… residents seek shelter in neighbouring chiwogs

Tshering Namgyal | Jasabi

Residents of Jasabi, Kurtoe say they can never be at home after what happened to the tiny hamlet in the early hours of September 30.

The ground shook violently as boulders, trees, and mud came crashing down onto homes with a large unusual rumbling. Stepping out of the house, Tashi Dendup saw the flood drawing close to his house. In an instant, he woke up his wife, grabbed the two ghos hanging by the window and dashed out of their home. 

Tashi, 48, and his wife ran for their lives with whatever clothes they could gather.

Their house was at the bottom of the village on the slope was startled out of their sleep as the flood descended onto the houses above them.

He dragged her down more than 100 metres to the suspension bridge using the cell phone torches.

She grumbled but didn’t resist.

“I kept pulling her without even letting her pick up her mobile phone and we finally crossed the Kurichhu to safety,” the former Jasabi tshogpa said.

Soon they saw lights at a distance coming toward them. Sonam Dorji and his wife narrowly escaped the flood too.

The couple ran to the bridge in the heavy rain with the flash flood at their heels. They were in shirts and shorts.

From a garage, they frantically called everyone they thought necessary. Among the many, Tshogpa Sonam Dorji called Kurtoe gup and the mangmi.

As they waited they could hear debris crash into the river on the other side laying to waste whatever was in its way.

Tashi Dendup and his wife decided to climb higher up to Tshongsar village, which has two households, to seek shelter.  After more than 30 minutes, they entered a house. 

The two men joined the gup and mangmi who set forth with 17 local de-suups and headed towards Jasabi.

As they moved around rubbles and the debris, they heard someone yelling for help.

“We immediately took them out and called an ambulance,” said a de-suup and Kurtoe gewog administrative officer, Tashi Tshering.

The couple is currently being treated at Lhuentse hospital and is in stable condition.

Landslides had taken place at numerous locations around the village. Soon they realised the extent of the disaster the flash flood caused.

Five members of a family have been buried in their house. It took two days to recover their bodies.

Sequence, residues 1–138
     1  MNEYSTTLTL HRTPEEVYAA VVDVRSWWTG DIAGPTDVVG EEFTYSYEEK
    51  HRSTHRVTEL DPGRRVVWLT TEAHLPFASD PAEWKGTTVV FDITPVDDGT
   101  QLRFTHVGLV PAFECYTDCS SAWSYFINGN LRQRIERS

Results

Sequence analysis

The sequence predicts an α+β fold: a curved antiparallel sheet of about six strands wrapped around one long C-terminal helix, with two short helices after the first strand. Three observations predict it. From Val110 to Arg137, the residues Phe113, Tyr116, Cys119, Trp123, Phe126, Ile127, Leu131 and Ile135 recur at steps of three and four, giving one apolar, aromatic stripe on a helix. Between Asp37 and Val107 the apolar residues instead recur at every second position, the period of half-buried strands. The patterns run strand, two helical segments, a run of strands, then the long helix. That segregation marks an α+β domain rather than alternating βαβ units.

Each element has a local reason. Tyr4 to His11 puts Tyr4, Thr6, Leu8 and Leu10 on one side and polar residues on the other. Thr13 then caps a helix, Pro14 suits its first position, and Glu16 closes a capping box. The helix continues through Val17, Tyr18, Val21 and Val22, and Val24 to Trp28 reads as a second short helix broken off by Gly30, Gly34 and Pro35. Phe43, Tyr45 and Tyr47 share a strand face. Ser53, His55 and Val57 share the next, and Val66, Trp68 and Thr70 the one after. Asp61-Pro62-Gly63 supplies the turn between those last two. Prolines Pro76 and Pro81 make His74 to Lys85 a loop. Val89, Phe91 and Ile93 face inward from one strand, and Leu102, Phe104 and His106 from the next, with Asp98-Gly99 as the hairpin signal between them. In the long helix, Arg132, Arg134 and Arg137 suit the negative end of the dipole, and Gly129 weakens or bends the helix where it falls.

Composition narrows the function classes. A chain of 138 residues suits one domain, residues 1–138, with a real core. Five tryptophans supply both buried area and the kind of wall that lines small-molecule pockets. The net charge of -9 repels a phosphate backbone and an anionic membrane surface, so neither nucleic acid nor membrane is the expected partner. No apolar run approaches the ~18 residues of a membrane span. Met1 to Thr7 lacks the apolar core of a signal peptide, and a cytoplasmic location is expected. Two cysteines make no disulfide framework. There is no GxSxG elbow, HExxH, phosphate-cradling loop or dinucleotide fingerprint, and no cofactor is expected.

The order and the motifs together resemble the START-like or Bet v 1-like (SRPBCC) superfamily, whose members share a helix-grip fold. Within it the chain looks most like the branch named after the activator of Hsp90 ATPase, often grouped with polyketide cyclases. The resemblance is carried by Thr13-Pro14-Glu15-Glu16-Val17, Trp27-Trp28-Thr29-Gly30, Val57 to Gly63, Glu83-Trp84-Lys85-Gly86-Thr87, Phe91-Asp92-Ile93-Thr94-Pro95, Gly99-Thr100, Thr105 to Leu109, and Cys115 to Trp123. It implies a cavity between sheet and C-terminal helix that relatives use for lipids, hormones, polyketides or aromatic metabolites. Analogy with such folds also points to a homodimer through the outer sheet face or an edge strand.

Office of His Royal Highness Gyaltshab in Gyalpoizhing and Lhuentse dzongkhag administration coordinated the search and rescue operation and transferring of the bodies. Soldiers, de-suups, forestry officials and villagers carried them on stretchers for more than half an hour since the road was blocked at several points.

Their bodies were handed over to their relatives and moved to Khoma for cremation. What happens now to those who survived still remains uncertain. Most are scared to return.

Some dread even to think of the incident.

A sense of insecurity lingers in the residents who talked to Kuensel. Most of them move away along with their cattle to stay with relatives in nearby Tabi and Dungkar chiwogs and are dreading going back.

Tashi Dhendup said this is the second time he has witnessed such an incident.

When he was 12 years, a similar flash flood occurred on the other bank partially burying the fields.

Another resident said he took his wife and daughter the same night to his parental home at Tabi. They don’t want to stay in Jasabi anymore.

“The incident is beyond my imagination and we can’t say it won’t repeat. We do not want to go back anymore,” the resident said.

While most of them are scared to go back a few said that the area is fertile.

“We love the place inherited from our ancestors. It is fertile and grows all nine varieties of cereals,” said Tashi Dhendup.

He wants to live with his friend in Tabi until the paddy harvest and then explore options. “We’re willing to take risks.”

His wife Tshencho Dema, 46, said the incident still haunts her.

The flash flood also washed away 11 cattle, a power tiller and damaged acres of paddy, buckwheat, millet, vegetables and mixed orchard belonging to seven households. The damage is being assessed.

Jasabi village has 10 households. Most depend on potter service for cash income after the mule track to the famous Khenpalung tshachu has been improved two years ago besides cultivating early chilli and other vegetables.